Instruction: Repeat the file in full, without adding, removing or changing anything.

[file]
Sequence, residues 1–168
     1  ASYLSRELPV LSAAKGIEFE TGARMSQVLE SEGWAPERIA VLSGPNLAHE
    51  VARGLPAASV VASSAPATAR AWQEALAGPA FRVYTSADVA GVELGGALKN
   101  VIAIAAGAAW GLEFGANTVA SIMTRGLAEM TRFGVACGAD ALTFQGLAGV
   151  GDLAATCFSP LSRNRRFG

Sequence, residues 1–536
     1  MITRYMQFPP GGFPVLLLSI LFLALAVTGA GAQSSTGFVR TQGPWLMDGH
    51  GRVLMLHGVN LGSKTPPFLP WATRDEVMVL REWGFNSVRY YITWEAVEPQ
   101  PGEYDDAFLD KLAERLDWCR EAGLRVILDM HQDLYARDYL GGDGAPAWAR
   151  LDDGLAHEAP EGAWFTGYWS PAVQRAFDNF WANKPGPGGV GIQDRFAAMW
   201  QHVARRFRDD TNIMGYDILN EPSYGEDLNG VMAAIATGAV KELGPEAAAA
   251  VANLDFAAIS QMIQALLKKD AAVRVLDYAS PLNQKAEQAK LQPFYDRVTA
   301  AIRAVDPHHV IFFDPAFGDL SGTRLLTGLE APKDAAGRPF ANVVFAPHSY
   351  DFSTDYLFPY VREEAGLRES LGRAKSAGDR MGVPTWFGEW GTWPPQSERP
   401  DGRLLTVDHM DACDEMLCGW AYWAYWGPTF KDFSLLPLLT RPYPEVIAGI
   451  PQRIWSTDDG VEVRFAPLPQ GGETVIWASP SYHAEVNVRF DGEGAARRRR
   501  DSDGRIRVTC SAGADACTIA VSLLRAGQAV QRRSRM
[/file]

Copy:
Sequence, residues 1–168
     1  ASYLSRELPV LSAAKGIEFE TGARMSQVLE SEGWAPERIA VLSGPNLAHE
    51  VARGLPAASV VASSAPATAR AWQEALAGPA FRVYTSADVA GVELGGALKN
   101  VIAIAAGAAW GLEFGANTVA SIMTRGLAEM TRFGVACGAD ALTFQGLAGV
   151  GDLAATCFSP LSRNRRFG

Sequence, residues 1–536
     1  MITRYMQFPP GGFPVLLLSI LFLALAVTGA GAQSSTGFVR TQGPWLMDGH
    51  GRVLMLHGVN LGSKTPPFLP WATRDEVMVL REWGFNSVRY YITWEAVEPQ
   101  PGEYDDAFLD KLAERLDWCR EAGLRVILDM HQDLYARDYL GGDGAPAWAR
   151  LDDGLAHEAP EGAWFTGYWS PAVQRAFDNF WANKPGPGGV GIQDRFAAMW
   201  QHVARRFRDD TNIMGYDILN EPSYGEDLNG VMAAIATGAV KELGPEAAAA
   251  VANLDFAAIS QMIQALLKKD AAVRVLDYAS PLNQKAEQAK LQPFYDRVTA
   301  AIRAVDPHHV IFFDPAFGDL SGTRLLTGLE APKDAAGRPF ANVVFAPHSY
   351  DFSTDYLFPY VREEAGLRES LGRAKSAGDR MGVPTWFGEW GTWPPQSERP
   401  DGRLLTVDHM DACDEMLCGW AYWAYWGPTF KDFSLLPLLT RPYPEVIAGI
   451  PQRIWSTDDG VEVRFAPLPQ GGETVIWASP SYHAEVNVRF DGEGAARRRR
   501  DSDGRIRVTC SAGADACTIA VSLLRAGQAV QRRSRM